by Nicholas Holder, Ryan Holliday and Amy M. Williams
Worldwide lifetime prevalence of posttraumatic stress disorder (PTSD) is estimated to be approximately 4 percent (Kessler et al., 2017), and numerous factors are associated with elevated risk of diagnosis (e.g., trauma type, military/veteran population, gender; Gates et al., 2012; Kessler et al., 2017; Lehavot et al., 2018). Additionally, individuals diagnosed with PTSD are at greater risk of physical (e.g., cardio-respiratory and gastrointestinal complaints) and mental health (e.g., depression, substance use) comorbidities, which are associated with poorer psychosocial functioning and quality of life (Brady, Killeen, Brewerton, & Lucerini, 2000; Pacella, Hruska, & Delahanty, 2013). Evidence-based psychotherapies have been developed to effectively treat symptoms of PTSD and improve quality of life and psychosocial functioning.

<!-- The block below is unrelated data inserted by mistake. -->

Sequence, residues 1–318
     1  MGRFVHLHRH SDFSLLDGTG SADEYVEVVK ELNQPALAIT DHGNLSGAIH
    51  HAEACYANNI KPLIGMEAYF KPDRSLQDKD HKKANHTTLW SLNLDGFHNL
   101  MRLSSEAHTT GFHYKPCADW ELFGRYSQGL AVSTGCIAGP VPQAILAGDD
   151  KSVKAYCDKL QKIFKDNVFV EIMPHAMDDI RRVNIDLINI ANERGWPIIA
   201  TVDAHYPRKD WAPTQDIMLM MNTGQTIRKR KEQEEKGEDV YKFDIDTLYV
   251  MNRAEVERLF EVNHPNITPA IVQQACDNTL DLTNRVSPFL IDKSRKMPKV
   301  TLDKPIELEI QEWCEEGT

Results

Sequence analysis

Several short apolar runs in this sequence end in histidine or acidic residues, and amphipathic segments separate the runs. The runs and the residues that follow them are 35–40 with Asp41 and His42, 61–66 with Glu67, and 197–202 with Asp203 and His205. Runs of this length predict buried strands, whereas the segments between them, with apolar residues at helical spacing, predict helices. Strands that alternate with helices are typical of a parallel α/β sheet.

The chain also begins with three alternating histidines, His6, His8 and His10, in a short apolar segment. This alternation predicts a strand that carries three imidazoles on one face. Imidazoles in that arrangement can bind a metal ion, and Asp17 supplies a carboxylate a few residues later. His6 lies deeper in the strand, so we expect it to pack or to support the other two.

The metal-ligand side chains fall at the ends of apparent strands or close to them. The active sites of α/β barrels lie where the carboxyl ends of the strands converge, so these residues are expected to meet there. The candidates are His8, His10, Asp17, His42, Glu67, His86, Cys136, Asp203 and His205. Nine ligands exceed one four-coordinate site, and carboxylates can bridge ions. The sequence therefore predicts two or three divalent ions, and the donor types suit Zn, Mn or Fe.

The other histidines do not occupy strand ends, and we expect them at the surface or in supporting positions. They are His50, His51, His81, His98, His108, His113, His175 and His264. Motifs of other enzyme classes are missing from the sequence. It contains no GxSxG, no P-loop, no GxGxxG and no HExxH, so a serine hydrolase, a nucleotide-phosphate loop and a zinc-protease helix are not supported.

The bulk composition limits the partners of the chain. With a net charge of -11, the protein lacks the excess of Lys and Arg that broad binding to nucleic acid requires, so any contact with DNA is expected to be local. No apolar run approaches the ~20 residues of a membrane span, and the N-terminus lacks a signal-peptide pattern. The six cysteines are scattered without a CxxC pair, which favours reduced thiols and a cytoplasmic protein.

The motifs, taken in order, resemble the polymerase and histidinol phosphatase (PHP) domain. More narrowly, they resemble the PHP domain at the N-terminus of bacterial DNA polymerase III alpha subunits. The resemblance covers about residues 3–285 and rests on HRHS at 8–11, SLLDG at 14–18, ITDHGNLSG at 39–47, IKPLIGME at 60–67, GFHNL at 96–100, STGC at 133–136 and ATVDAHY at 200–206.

One effective psychotherapy for PTSD is cognitive processing therapy (CPT), which was initially developed as a brief intervention for female survivors of rape (Resick & Schnicke, 1992). CPT is a manualized version of cognitive behavioral therapy during which patients are provided psychoeducation regarding PTSD and taught cognitive restructuring techniques with a focus on trauma-related beliefs (Resick, Monson, & Chard, 2017). Since initial development, CPT has been shown to be an effective treatment for a wide variety of individuals diagnosed with PTSD (e.g., active-duty military personnel, veterans, female survivors of interpersonal violence, etc.; Asmundson et al., 2019).
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